Divorce is a stressful and sometimes contentious process. In the middle of proceedings, you may feel eager to get it over as quickly as possible.
However, to limit the long-term financial impact, it helps to better understand how a divorce can impact your finances.
The division of debt
In a Minnesota divorce, the court divides marital property in a manner that is fair and equitable, and that includes debt. For example, if you or your spouse have credit card debt, you could both be liable for repayment, even if only one spouse’s name is on the account.
Child care costs
If you share children with your soon-to-be ex-spouse, you may need to pay child support or may receive child support payments that do not fully cover childcare expenses. The average cost of child support payments can vary depending on several factors, including the non-custodial parent’s income and the number of children requiring support.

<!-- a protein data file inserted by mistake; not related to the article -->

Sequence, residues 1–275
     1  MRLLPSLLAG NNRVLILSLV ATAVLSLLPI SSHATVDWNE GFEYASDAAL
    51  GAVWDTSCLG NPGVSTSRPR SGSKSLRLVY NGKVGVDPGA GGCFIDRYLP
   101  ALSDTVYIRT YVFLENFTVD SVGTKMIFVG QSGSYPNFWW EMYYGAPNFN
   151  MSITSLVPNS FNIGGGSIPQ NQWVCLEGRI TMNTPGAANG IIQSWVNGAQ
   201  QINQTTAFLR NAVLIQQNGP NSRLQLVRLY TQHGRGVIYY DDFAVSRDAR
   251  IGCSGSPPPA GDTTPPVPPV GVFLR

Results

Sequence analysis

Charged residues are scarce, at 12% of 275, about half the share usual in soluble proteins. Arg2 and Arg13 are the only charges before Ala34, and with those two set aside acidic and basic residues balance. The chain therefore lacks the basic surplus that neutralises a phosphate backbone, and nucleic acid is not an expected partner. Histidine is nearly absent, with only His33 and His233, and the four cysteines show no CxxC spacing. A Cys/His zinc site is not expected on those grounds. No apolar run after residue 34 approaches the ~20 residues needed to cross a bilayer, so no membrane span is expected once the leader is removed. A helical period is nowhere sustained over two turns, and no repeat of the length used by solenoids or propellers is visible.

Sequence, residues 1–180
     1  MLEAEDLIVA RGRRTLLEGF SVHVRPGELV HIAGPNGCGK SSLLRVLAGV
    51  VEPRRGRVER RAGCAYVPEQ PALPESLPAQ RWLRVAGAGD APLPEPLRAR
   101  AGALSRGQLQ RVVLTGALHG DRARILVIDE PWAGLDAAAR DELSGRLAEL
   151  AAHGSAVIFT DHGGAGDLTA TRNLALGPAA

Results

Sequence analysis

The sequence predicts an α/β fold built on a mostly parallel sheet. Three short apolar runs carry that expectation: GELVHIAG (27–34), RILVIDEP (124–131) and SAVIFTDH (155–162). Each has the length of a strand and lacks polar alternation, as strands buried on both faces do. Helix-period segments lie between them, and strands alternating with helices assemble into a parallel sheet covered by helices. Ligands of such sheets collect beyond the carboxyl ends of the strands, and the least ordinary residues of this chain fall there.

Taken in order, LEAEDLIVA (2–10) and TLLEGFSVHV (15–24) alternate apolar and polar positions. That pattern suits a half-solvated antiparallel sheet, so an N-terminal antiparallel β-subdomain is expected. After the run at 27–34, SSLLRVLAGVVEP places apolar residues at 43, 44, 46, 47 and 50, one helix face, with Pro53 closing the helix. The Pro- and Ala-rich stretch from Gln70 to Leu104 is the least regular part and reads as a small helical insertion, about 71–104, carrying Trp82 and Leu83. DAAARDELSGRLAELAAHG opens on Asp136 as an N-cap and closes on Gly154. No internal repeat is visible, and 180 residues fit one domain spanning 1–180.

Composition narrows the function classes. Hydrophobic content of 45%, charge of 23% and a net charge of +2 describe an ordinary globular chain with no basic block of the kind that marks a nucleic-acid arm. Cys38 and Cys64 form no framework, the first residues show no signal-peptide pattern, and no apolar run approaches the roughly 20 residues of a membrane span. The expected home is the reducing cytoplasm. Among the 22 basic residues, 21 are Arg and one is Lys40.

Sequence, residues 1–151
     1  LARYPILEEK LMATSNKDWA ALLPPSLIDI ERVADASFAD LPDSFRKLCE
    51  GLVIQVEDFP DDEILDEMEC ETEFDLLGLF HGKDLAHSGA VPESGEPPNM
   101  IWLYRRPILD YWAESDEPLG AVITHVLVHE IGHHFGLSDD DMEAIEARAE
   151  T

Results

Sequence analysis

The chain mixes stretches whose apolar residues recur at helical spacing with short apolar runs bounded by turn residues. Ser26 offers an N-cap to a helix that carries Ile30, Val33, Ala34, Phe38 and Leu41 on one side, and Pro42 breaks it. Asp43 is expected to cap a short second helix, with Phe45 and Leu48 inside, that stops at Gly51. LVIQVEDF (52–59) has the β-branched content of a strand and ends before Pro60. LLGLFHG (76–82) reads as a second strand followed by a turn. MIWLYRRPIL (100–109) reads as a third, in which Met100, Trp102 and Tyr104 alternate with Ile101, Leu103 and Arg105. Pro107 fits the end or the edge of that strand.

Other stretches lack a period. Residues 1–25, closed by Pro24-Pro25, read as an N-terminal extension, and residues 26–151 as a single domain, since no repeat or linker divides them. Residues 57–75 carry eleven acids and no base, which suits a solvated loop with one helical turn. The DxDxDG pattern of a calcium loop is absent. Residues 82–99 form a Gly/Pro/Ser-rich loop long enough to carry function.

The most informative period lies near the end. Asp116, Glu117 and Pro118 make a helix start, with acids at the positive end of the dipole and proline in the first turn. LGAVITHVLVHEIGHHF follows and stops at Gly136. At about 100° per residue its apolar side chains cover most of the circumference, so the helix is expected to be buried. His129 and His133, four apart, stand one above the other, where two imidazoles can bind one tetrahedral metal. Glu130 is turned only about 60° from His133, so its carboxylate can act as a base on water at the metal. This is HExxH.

Changing in health insurance
Spouses commonly share health insurance plans. After divorce, you will need separate policies. If you relied on your spouse for health insurance, you will need to consider the cost of purchasing your own policy.
Increasing housing costs
Living single is typically more expensive than living with a partner or roommate. You will need to consider the changing cost of living when deciding where to live and what expenses you can handle.
Downsizing post-divorce can be challenging, especially if you grew accustomed to living a more luxurious lifestyle. However, it could save you from substantial financial distress in the long term.